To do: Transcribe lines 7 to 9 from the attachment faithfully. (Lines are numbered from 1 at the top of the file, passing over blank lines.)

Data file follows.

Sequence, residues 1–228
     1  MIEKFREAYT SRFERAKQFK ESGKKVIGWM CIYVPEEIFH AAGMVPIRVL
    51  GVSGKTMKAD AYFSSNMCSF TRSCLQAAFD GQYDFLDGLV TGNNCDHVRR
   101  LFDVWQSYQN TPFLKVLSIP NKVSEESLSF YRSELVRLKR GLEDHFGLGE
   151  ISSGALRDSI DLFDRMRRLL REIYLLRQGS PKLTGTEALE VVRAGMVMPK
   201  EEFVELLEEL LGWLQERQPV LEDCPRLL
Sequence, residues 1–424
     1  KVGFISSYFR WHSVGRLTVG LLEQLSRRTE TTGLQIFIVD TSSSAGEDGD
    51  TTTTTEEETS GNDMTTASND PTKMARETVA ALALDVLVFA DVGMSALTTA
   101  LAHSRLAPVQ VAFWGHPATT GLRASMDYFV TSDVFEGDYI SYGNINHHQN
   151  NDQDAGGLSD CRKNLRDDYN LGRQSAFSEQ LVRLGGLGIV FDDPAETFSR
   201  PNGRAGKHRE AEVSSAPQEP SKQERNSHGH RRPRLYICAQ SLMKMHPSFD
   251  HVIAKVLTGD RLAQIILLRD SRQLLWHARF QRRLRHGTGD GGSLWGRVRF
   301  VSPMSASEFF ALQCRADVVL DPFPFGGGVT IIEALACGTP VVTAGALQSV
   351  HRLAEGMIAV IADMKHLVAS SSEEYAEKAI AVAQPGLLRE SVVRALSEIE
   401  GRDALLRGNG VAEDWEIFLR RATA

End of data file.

Sequence, residues 1–424
     1  KVGFISSYFR WHSVGRLTVG LLEQLSRRTE TTGLQIFIVD TSSSAGEDGD
    51  TTTTTEEETS GNDMTTASND PTKMARETVA ALALDVLVFA DVGMSALTTA